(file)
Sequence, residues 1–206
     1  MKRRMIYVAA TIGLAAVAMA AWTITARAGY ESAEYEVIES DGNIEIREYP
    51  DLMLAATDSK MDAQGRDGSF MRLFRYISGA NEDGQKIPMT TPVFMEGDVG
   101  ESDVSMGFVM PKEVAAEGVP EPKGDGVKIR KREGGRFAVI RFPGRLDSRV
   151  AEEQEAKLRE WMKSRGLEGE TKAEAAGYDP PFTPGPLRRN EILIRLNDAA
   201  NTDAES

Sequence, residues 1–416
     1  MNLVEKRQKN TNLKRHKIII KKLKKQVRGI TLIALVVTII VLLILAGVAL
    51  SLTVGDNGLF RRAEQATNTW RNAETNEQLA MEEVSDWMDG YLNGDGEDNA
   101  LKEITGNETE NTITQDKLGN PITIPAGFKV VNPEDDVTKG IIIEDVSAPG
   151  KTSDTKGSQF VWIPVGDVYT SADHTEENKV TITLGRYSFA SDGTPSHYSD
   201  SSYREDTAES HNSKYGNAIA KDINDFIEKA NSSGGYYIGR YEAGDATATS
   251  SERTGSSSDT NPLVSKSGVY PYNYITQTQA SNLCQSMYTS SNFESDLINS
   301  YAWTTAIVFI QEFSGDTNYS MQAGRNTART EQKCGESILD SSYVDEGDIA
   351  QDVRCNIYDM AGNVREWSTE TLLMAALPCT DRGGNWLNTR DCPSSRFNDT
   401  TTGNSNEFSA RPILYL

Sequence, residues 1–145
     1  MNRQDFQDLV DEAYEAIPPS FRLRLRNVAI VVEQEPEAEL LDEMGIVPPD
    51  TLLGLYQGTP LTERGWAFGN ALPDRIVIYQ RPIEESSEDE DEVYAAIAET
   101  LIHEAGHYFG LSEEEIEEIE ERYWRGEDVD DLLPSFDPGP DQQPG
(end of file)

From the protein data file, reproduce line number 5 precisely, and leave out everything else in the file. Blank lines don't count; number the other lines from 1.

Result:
   151  AEEQEAKLRE WMKSRGLEGE TKAEAAGYDP PFTPGPLRRN EILIRLNDAA